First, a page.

• Reaction of alkylhalides with ammonia

+           –                              +            –

 

3RX + NH3 ® R3 N + 3HX ®

R3 NH X         ;

Trialkyl ammonium salt

R3  N H X+ NaOH ® R3 N + NaX + H2O

 

  • Reduction of N, N-disubstituted amides : The carbonyl group is converted into – CH2

RCONR2¢    ¾¾LiA¾lH¾4  ® RCHNR¢2  + HO

 

N, N -disubstituted amide

4[H]

ter. amine

 

 

  • Decomposition of tetra-ammonium hydroxides : The tetra-alkyl ammonium hydroxides are formed when corresponding halides are treated with moist silver

+                                                         +            –

R4 N I + AgOH ® R4 N O H+ AgI

The hydroxides thus formed on heating decompose into tertiary amines. Tetramethyl ammonium hydroxide gives methyl alcohol as one of the products while all other tetra-alkyl ammonium hydroxides give an olefin and water besides tertiary amines.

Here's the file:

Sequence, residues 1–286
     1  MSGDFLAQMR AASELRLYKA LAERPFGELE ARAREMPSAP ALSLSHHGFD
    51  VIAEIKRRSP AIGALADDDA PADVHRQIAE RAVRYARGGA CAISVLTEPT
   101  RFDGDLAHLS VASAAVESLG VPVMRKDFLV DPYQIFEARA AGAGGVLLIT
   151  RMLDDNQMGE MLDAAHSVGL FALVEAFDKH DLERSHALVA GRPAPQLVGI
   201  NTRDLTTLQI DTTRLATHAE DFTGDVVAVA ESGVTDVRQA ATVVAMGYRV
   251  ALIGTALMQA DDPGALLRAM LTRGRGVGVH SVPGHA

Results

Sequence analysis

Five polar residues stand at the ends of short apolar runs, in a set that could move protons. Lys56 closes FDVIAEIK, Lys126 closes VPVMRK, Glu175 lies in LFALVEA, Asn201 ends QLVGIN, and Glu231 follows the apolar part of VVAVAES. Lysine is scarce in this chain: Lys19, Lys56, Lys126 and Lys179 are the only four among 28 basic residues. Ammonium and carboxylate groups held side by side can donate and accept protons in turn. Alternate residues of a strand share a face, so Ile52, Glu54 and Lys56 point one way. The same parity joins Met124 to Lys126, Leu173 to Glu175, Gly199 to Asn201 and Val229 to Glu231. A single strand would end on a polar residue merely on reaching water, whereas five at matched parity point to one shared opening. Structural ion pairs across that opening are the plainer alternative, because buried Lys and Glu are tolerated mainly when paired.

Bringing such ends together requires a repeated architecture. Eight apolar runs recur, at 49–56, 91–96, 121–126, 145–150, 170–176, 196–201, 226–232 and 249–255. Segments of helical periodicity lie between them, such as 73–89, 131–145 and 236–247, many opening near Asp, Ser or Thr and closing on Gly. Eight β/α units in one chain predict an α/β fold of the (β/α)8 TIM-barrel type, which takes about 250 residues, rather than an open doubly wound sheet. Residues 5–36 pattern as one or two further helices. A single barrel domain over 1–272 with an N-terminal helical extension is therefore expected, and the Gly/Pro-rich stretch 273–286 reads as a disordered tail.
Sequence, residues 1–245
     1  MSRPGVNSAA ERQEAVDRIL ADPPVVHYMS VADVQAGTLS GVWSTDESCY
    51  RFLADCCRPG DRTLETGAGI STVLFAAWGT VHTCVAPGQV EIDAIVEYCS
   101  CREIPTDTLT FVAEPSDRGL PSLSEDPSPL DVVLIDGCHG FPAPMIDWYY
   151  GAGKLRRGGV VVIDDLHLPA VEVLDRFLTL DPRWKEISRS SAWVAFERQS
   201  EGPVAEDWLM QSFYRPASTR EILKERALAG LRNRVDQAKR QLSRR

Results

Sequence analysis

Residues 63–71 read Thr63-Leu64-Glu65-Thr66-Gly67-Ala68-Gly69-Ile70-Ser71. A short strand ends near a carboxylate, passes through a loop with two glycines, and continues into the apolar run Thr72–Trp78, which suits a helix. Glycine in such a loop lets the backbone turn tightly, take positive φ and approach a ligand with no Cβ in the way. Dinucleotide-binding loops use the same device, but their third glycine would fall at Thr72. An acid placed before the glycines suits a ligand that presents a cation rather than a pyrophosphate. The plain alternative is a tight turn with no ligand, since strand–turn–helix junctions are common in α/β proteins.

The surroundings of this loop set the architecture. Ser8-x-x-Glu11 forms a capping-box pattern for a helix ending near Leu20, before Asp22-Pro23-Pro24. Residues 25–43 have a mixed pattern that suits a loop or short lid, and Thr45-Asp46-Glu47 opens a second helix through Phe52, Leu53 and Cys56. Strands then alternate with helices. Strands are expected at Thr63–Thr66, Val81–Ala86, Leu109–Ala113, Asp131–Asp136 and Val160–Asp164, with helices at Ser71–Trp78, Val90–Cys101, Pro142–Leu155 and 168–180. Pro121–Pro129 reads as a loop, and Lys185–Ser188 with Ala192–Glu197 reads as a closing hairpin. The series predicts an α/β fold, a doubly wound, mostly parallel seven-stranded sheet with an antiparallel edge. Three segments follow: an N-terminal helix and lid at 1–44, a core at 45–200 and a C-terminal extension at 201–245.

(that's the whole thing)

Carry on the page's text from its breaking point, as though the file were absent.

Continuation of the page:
(CH 3 )4 NOH ® (CH 3 )3 N + CH 3 OH ; (R)4 NOH ® (R)3 N + olefin + H 2 O

  • Separation of mixture of amines : When the mixture consists of salts of primary, secondary and tertiary amines along with quaternary salt, it is first distilled with KOH solution. The mixture of three amines distils over leaving behind non-volatile quaternary

+                        +           –

 

RNH2.HI or RN H 3 – I K O H ® RNH2 + KI

Primary amine (Volatile), Distillate

  • H2O

 

 

+                        +            –

R2 NH.HI  or  R2 N H 2 – I K O H ® R2 NH KI H2O

 

+                    +            –

R3 N.HI  or R3 N HI + K O H ® R3 N + KI + H2O

+

R4 N I (non-volatile tetra-alkyl ammonium salt) has no reaction with KOH, however remains as residue.

This mixture is separated into primary, secondary and tertiary amines by the application of following methods.